If you’re arriving from the airport you’ll need to catch a taxi collectif which is basically like a small bus.  These taxis are not cheap, and you’ll likely pay around 30 Euros to get into town.  Heading to other destinations in French Guyana are as follows in Taxi collectifs: Kourou (10 Euros), St Georges/border with Brazil (30 Euros), St Laurent/border with Suriname (50 Euros).   There are no buses that run between destinations in French Guiana
Luckily, hitchhiking French Guiana can be done quite easily and I never had to pay any of these prices.  Head to the main highway with your thumb out and a ride wont be too far off.

 

Getting Around Cayenne

Cayenne does have a transport system but the buses only run every hour or so and on limited routes.  Most people in town walk, ride bikes, or hitchhike through town.

Back to the French Guiana travel guide 

6 Comments

  1. It’s so hard to find specific info on French Guiana. Thanks, Brendan!

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    • No Problem Cody. If you have any questions feel free to shoot them my way. Guides on Guyana and Suriname are also on their way soon.

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  2. Thanks for the good info Brendan. Do you know the cheapest way to get to the French Guiana? I’m sure that there is cheaper ways than what I have seen so far???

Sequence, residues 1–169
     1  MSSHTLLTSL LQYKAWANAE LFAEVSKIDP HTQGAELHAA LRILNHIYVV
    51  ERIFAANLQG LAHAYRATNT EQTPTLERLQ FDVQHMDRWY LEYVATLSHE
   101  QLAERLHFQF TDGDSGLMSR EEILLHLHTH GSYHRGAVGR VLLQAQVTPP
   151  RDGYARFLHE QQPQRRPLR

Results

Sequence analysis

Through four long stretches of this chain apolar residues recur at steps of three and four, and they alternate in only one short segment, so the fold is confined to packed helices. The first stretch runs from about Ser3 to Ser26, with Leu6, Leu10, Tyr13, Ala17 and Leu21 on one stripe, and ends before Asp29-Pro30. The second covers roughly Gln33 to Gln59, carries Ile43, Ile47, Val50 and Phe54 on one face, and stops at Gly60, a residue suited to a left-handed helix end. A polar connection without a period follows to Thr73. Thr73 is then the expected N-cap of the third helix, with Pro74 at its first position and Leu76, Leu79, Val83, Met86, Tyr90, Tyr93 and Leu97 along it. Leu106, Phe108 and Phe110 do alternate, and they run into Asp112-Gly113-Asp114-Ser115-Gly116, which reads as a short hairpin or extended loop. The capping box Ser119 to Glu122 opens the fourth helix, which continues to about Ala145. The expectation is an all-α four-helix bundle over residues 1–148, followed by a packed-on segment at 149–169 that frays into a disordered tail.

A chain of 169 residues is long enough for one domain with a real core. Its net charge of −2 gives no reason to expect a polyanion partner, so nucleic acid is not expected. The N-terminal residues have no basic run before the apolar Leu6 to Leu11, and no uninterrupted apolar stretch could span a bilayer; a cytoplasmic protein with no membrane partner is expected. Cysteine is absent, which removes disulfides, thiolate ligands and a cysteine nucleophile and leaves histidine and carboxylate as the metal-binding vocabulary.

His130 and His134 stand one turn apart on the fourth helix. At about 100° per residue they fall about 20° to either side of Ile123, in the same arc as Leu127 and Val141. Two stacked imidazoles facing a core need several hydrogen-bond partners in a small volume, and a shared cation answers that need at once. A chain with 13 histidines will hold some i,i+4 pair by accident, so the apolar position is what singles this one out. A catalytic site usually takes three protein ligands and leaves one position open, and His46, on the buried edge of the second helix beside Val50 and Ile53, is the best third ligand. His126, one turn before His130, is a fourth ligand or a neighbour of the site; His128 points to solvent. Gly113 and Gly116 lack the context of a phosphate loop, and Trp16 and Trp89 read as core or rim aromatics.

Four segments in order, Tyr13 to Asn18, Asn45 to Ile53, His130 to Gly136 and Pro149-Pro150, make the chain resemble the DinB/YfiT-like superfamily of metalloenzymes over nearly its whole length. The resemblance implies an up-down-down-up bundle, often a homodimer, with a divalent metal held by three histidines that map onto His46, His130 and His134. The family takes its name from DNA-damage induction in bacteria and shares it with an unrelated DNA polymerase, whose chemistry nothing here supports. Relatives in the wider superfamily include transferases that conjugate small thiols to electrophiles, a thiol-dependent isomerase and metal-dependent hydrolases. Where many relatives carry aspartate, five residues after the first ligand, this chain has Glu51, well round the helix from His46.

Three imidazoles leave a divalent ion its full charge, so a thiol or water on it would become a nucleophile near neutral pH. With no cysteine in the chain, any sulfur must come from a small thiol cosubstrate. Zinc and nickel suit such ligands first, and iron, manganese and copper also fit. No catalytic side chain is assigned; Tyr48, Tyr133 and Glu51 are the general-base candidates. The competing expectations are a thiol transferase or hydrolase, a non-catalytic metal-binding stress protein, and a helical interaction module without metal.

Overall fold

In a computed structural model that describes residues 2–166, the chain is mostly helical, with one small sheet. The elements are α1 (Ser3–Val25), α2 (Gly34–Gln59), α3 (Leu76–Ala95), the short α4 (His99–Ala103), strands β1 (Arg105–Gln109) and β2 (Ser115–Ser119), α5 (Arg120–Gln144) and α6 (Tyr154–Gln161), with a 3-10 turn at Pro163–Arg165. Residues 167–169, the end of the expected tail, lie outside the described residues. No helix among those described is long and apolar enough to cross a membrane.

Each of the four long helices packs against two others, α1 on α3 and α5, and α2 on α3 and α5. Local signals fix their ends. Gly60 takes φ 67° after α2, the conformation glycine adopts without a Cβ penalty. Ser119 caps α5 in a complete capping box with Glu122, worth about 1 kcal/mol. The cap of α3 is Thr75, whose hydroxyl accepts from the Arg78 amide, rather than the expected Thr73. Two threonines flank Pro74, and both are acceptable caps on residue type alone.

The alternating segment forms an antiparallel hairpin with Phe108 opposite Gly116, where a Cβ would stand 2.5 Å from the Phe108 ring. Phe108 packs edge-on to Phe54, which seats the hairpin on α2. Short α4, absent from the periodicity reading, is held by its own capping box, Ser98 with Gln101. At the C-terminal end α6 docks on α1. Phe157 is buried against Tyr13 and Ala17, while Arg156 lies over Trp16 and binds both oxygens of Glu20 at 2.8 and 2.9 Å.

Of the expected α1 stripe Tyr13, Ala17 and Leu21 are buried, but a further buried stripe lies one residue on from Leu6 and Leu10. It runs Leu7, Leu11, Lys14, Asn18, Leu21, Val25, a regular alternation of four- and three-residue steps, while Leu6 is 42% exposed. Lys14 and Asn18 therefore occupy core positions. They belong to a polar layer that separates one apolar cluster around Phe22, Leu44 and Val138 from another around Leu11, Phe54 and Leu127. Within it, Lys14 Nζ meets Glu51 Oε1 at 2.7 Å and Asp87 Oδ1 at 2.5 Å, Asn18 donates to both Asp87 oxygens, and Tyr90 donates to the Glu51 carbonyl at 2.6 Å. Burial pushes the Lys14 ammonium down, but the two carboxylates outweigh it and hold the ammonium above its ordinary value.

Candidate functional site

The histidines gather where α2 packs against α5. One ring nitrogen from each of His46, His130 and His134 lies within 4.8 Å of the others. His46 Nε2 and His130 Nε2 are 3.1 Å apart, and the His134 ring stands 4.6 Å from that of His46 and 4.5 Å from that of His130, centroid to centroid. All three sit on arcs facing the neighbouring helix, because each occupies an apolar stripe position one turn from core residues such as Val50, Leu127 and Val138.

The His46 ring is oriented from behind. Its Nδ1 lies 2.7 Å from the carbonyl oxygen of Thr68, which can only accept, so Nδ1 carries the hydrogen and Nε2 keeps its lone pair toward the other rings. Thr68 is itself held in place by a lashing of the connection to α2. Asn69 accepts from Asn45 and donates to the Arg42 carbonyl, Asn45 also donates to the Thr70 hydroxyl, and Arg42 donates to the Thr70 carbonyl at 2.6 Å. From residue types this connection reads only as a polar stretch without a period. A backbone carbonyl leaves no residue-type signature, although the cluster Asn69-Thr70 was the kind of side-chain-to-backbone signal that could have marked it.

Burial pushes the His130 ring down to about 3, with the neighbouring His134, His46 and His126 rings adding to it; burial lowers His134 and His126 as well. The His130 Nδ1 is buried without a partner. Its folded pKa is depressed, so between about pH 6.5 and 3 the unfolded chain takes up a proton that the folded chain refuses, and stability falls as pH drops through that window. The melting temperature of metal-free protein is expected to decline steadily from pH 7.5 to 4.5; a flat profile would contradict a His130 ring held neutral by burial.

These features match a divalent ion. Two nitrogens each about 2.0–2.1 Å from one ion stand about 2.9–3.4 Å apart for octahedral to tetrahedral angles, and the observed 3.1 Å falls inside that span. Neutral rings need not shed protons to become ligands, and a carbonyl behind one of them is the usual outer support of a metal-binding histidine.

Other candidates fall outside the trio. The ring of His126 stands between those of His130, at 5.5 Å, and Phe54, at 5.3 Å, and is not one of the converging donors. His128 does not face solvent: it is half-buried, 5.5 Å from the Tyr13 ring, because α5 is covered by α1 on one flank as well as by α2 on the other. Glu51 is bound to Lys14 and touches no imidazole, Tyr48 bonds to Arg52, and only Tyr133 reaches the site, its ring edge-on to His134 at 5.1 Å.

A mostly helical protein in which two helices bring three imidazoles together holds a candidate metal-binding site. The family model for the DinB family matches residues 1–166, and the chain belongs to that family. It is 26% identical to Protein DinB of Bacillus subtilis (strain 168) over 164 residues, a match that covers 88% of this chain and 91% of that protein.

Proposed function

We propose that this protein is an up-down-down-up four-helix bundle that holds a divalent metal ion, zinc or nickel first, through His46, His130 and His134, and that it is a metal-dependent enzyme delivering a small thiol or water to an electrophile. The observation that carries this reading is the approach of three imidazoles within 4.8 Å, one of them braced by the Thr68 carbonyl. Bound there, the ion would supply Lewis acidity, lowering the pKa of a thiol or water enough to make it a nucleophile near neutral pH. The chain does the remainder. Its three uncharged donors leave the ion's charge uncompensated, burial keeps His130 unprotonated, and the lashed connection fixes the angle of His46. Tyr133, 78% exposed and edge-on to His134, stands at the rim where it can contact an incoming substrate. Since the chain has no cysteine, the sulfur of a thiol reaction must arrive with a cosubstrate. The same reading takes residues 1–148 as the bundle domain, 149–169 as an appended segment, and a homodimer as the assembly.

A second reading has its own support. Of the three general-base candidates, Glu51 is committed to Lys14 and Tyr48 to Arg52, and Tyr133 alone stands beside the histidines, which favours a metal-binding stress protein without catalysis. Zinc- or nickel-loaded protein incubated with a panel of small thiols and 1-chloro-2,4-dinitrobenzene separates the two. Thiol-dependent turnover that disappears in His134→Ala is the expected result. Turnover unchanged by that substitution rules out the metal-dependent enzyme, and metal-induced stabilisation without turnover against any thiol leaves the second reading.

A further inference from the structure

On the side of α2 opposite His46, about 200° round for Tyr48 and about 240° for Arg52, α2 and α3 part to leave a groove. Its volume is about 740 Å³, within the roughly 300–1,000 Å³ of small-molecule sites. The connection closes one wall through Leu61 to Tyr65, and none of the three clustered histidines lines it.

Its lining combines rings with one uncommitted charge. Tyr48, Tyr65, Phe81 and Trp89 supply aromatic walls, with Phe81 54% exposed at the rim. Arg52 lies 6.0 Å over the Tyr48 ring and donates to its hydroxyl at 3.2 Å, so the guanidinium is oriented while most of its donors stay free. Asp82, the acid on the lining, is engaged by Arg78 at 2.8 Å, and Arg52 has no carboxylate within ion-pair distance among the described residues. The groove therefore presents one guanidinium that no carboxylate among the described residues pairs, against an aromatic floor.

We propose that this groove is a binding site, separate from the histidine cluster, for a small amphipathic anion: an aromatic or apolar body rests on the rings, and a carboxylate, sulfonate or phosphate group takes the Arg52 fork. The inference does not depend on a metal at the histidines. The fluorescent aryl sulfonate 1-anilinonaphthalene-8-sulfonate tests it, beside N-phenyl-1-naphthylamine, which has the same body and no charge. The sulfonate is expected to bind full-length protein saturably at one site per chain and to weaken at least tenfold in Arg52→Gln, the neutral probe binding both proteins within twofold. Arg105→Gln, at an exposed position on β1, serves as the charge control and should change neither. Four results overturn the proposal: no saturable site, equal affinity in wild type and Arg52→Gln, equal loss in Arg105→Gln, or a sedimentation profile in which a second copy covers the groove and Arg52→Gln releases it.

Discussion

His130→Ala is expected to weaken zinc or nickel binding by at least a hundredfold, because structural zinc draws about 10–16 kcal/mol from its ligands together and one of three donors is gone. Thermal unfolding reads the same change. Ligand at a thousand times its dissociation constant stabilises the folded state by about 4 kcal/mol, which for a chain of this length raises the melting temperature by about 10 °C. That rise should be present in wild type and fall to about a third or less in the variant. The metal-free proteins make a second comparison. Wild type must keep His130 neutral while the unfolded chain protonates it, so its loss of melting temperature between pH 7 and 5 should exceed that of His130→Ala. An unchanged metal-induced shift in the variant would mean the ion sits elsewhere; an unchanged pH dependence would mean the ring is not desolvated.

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    • Getting to French Guiana from where? From France there are direct flights. From North America the best way is to fly to somewhere in Brazil and then bus probably. I came overland, so I can’t really answer that very well.

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      • Brazil and French Guiana are linked by only one bridge and it is closed due to bureaucracy. And because of that there is no buses crossing the border. So, I would say the best way to reach French Guiana is by plane.

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        • Well, you can also take the boat across. So it’s not really a stress.